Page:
In April 2024 the Court ruled that laws banning abortion did not violate the Florida Constitution’s privacy clause. With five judges appointed by Governor DeSantis, the 6-1 decision overturns a 1989 precedent by the Court, which ruled that the privacy clause covered a woman’s abortion decision. That ruling triggered the six-week abortion ban which goes into effect May 1, 2024.

This is a particularly harsh blow because many of those needing abortion who live in nearby Southern states with brutal bans on abortion were able to drive to Florida for their procedure. The six-week ban will make that almost impossible.

Meanwhile abortion rights activists proposed a constitutional amendment where “no law shall prohibit, penalize, delay, or restrict abortion before viability or when necessary to protect the patient’s health, as determined by the patient’s healthcare provider. This amendment does not change the Legislature’s constitutional authority to require notification to a parent or guardian before a minor has an abortion.”

Floridians Protecting Freedom has collected more than a million valid signatures to put the measure on the ballot. In an attempt to squash it, the attorney general objected to the measure’s wording. But by a narrow 4-3 majority, the Court denied the attorney general’s arguments and Amendment 4 will be on the November ballot. The amendment requires a supermajority 60% vote to pass. That is certainly a high bar, but Michigan’s and Ohio’s amendments, which only required a simple majority, passed by just two to three points below 60%.

Missouri: As of June 24, 2022, abortion is completely banned except in medical emergencies where abortion is necessary to save the pregnant person’s life or to prevent serious risk to the pregnant person’s physical health. Performing or inducing an abortion is a felony punishable by 5-15 years in prison. There are no exemptions for rape or incest.

Missourians for Constitutional Freedom are organizing for a sweeping constitutional amendment. It establishes a person’s “right to make and carry out decisions about all matters relating to reproductive health care including but not limited to prenatal care, childbirth, postpartum care, birth control, abortion care, miscarriage care, and respectful birthing conditions. While the general assembly may regulate the provision of abortion after fetal viability, under no circumstance shall the government deny, interfere with, delay or otherwise restrict an abortion that in the good faith judgment of a treating health care professional is needed to protect the life or physical or mental health of the pregnant person.”

Advocates must collect signatures from eight percent of voters in six of the state’s eight congressional districts. This amounts to more than 171,000 signatures to be collected by May 5. The Governor can decide whether it goes on the August primary or on the November ballot.

Montana: the Montana Supreme Court has continued to uphold the Court’s 1999 Armstrong decision, which holds that laws interfering with bodily autonomy violate the state Constitution’s right to individual privacy. Consequently, abortion may be performed “until viability.” This has not prevented the Republican-dominated state legislature from passing laws limiting access to abortion, including three laws signed by the Governor in 2021: a ban on abortions beyond 20 weeks, elimination of telehealth services for medication abortions and a requirement that abortion providers offer patients the opportunity to listen to the fetal heart tone or view an ultrasound 24 hours before performing an abortion. A judge recently ruled all these laws are unconstitutional.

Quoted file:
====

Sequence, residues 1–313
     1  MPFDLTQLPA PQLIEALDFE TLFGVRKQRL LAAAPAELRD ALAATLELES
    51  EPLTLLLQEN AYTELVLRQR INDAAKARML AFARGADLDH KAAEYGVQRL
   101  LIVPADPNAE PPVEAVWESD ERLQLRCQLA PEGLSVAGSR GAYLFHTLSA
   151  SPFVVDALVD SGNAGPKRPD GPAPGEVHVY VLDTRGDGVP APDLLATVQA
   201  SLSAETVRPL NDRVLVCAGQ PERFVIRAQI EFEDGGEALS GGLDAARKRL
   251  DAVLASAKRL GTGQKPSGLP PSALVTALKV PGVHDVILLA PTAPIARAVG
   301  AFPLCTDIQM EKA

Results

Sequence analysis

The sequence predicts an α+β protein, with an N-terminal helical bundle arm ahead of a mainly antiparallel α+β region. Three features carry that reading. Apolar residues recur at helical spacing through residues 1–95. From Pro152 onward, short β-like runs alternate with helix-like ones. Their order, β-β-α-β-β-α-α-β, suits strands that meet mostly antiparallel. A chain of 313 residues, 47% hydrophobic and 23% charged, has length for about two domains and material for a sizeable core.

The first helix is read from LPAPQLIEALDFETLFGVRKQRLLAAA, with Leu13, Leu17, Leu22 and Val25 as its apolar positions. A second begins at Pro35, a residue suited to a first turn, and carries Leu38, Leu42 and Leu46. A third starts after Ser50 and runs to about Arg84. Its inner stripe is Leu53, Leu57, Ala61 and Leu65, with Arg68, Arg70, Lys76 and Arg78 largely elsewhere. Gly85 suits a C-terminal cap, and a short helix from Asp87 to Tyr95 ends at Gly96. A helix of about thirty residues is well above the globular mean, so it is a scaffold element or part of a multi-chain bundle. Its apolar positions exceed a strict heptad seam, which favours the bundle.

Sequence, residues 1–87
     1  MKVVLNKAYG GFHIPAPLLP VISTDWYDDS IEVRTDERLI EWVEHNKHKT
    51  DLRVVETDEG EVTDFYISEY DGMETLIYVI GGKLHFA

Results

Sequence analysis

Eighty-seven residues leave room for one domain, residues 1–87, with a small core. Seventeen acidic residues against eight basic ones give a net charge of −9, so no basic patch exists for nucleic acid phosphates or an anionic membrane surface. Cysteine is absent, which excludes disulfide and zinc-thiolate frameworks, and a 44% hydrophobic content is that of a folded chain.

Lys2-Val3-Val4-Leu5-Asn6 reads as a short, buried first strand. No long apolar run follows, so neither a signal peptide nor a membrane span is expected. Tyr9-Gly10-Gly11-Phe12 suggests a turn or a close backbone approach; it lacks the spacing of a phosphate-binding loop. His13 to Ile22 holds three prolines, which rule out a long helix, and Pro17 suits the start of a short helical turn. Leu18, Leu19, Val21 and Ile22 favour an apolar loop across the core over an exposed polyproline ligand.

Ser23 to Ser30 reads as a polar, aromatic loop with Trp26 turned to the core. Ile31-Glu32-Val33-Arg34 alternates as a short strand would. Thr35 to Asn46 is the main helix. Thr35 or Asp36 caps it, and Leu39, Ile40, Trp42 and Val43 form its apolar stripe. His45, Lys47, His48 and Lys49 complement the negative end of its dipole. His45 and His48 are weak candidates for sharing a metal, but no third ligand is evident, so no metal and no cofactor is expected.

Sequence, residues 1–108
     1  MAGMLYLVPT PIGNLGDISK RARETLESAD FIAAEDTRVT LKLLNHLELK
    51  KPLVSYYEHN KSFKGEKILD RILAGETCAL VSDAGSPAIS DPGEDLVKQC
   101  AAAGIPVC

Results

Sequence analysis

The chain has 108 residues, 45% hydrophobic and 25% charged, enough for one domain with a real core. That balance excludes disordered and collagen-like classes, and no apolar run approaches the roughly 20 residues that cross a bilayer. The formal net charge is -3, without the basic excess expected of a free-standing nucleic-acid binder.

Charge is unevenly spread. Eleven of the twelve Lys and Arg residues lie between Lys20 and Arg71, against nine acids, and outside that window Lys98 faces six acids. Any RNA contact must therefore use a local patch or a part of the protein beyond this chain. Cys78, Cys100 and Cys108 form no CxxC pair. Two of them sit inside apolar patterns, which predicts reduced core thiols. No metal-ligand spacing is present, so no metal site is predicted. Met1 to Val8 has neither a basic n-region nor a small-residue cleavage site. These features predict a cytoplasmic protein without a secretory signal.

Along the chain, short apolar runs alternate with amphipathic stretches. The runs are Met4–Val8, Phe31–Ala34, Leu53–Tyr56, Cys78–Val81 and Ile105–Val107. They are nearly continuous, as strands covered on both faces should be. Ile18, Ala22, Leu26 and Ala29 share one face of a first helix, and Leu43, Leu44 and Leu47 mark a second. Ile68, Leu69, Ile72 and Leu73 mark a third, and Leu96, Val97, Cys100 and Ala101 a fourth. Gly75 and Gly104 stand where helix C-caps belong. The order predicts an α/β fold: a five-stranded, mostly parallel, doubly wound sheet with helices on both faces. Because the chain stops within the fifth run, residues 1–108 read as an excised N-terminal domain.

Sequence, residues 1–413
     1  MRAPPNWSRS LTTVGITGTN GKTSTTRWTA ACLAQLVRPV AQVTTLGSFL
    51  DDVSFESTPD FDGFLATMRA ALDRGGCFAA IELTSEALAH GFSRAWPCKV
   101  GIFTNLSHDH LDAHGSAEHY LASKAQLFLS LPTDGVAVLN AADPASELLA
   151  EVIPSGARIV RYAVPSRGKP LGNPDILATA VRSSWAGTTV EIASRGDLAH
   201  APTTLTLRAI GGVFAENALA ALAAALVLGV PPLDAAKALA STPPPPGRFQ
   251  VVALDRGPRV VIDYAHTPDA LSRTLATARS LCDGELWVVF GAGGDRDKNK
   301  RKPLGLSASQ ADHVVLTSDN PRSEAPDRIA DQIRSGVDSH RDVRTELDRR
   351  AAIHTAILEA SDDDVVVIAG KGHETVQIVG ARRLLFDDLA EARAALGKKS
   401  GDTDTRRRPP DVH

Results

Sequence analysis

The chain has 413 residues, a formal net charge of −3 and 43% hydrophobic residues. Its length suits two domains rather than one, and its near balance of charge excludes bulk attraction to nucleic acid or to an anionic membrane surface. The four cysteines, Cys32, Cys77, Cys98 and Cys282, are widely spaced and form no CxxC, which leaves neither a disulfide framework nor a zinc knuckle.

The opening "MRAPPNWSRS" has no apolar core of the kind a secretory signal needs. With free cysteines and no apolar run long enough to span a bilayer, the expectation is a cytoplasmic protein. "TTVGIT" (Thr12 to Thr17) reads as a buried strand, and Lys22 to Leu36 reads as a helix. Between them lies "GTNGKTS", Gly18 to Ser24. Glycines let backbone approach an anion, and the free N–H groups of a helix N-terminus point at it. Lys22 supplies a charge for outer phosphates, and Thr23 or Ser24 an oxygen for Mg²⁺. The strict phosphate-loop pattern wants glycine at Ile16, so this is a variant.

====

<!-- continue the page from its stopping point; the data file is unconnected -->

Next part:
In the meantime, Montanans Securing Reproductive Rights have submitted a constitutional amendment which would establish “a right to make and carry out decisions about one’s own pregnancy, including the right to abortion.” The initiative would allow regulation of abortion after the point of fetal viability, but bars the government from interfering if the procedure is “medically indicated to protect the life or health of the pregnant patient.”

The Montana Attorney General challenged the amendment’s wording; however, after months of delay, the Court denied his petition. Given Montana law, a committee of the state legislature must weigh in either pro or con (but cannot prevent the ballot measure from going forward). There is some debate over whether or not this requirement has been lifted by the Court’s decision. But in any case, the legislature must make its determination within 14 days; activists will be gathering signatures by the end of April. To make the November ballot, activists need to submit 60,359 valid signatures from 40 Montana House districts by June 21, 2024.

Nebraska: In May 2023, the state legislature passed a statute banning abortion after 12 weeks. The ban includes exceptions for rape, incest and to save the life of the pregnant person. The ban was part of a bill that also prevented transgender people under 19 from receiving any gender-confirming surgery. The state’s chief medical officer — a political appointee who is currently an ear, nose and throat doctor — would set rules for puberty blockers and hormone therapies. There would be some exceptions for minors already receiving treatment before the ban was enacted.

In response, advocates have organized to put a constitutional amendment on the November 2024 ballot. The proposal amends the Constitution “to provide all persons the fundamental right to abortion without interference from the state or its political subdivisions until fetal viability, which is the point in pregnancy when, in the professional judgment of the patient’s health care practitioner, there is a significant likelihood of the fetus’ sustained survival outside the uterus without the application of extraordinary medical measures; or when needed to protect the life or health of the pregnant patient.”